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Google Analytics Premium Pushing Web Analytics into the Future

Last evening, the Search Engine Marketing Professionals Organization (SEMPO) Atlanta chapter held an excellent event at Google’s Atlanta headquarters (while also teleconferencing in the SEMPO chapters from New York City, Chicago, and Los Angeles). The panel featured Enrique Munoz Torres (Google), Evan LaPointe (Search Discovery), and Matt Crenshaw (Discovery Communications) with moderator Kevin Geraghty (360i). Conversation (and Tweeting) covered a thorough analysis of Google Analytics Premium by Torres along with applications and implications discussed by LaPointe and Crenshaw.

Many questions across the four cities covered the use of Google Analytics Premium for enterprises (especially to justify its cost). As Google launches its Premium product, the need for meaningful analysis that can be presented and easily digested by business executives is larger than ever. The web analytics space is growing fairly rapidly as organizations are realizing the value they can leverage from the behavior of site users. The data that organizations are able to receive is deeper and more valuable than ever due to the vast amount of analytics innovation that has occurred (especially in the past three years). This innovation increases the responsibility of web analysts within agencies and organizations to take their data diving and turn it into a tangible plan that can be acted upon and translated into business results.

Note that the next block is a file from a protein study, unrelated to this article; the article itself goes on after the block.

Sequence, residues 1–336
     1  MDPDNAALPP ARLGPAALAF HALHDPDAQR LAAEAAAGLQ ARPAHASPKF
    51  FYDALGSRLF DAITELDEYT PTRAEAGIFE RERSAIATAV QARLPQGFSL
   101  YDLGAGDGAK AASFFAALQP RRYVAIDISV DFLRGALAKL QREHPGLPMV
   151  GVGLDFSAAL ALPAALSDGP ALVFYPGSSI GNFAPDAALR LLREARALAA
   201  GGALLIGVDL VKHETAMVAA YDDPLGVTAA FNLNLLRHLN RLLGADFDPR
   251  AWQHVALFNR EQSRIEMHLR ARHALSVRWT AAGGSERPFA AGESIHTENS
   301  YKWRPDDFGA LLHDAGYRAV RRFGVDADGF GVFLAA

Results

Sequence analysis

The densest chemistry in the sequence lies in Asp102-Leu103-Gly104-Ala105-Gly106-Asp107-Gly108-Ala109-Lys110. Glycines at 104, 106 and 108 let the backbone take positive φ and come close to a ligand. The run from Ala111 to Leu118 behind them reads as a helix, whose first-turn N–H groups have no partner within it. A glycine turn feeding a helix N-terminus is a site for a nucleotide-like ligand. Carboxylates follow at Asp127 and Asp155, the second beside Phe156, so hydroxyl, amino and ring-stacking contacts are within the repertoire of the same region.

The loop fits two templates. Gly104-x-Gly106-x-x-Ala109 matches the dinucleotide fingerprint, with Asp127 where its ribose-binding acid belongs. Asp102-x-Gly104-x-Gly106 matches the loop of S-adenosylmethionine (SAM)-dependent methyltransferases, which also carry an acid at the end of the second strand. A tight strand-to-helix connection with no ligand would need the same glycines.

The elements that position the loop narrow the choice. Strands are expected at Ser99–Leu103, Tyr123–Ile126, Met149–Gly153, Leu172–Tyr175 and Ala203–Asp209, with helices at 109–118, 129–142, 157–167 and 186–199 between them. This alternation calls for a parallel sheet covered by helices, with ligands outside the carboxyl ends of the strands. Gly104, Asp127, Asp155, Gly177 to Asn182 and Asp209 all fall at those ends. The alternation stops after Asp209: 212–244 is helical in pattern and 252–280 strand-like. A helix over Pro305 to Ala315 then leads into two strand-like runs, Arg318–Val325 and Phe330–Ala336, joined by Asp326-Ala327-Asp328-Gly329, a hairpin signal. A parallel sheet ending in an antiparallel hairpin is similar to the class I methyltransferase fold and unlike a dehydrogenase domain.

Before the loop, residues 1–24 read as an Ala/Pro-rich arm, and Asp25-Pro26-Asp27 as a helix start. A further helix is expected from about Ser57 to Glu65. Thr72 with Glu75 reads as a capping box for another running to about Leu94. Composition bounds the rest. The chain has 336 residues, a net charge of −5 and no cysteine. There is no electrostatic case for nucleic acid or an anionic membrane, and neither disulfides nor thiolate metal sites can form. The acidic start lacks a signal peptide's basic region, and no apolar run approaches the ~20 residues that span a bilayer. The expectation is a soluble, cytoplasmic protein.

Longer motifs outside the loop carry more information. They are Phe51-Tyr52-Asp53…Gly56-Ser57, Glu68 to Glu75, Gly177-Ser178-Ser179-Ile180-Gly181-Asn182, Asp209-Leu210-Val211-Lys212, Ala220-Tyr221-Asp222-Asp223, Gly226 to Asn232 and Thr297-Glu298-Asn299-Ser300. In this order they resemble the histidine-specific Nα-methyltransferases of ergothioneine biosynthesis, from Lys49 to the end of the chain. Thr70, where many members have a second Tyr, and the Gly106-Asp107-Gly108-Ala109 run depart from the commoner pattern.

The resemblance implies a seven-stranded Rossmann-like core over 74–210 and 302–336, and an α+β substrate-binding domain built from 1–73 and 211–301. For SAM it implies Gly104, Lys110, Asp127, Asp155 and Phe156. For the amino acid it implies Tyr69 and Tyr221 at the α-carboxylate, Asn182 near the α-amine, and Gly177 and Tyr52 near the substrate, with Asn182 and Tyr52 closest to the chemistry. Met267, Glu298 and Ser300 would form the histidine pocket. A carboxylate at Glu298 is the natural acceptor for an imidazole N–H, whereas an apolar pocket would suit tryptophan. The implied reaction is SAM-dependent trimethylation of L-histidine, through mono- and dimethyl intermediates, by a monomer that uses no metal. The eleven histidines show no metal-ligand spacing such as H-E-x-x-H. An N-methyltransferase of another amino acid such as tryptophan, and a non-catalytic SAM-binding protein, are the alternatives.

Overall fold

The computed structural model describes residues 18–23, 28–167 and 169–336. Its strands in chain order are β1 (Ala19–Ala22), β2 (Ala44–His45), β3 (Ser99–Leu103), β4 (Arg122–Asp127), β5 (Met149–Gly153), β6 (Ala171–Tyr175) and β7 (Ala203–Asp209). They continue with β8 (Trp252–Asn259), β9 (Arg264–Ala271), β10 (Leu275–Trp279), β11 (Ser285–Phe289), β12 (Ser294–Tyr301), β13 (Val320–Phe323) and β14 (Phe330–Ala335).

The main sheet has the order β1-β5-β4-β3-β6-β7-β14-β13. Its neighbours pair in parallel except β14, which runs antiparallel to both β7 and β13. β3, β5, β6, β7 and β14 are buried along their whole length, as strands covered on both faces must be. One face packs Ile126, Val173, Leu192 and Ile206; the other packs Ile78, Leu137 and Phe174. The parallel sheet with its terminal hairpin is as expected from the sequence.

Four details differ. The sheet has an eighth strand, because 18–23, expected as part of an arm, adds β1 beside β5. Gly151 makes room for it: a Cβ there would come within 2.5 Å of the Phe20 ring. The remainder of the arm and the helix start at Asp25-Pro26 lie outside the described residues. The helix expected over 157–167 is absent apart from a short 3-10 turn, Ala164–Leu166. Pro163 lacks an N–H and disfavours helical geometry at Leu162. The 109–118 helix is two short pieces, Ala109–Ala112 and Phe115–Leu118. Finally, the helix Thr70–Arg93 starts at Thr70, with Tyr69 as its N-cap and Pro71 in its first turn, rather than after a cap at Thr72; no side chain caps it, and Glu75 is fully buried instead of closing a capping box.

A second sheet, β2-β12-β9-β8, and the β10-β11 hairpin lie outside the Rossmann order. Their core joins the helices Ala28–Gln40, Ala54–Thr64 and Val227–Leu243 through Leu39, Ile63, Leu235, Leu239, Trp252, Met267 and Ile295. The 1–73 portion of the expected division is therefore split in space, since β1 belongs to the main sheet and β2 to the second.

Participants seemed to agree that web analytics is evolving toward a more mature state, with Crenshaw even postulating that the “data person” of today will go the way of the “web person” who existed back in the early 2000s. In the future, demand will grow for web analysts to go beyond charts and graphs. Instead, they must be prepared to explain how analytics information leads to specific business actions. Google, as usual, appears to be pushing us into this future.

Written by Abie McCauley on October 13, 2011

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@Seth -- Agree. Their goal was to create an 'enterprise' level competitor. If you're a small/medium business, there's not much in it for you. The page limits, multi-domain capabilities, and other enhancements are really aimed at the higher end of the market.

Seth Lemoine says:

The only thing that's important to know that's not obviously from all the discussion is the prices. It's $150,000 a year. No small change for small to medium-sized businesses.

Written by
Abie McCauley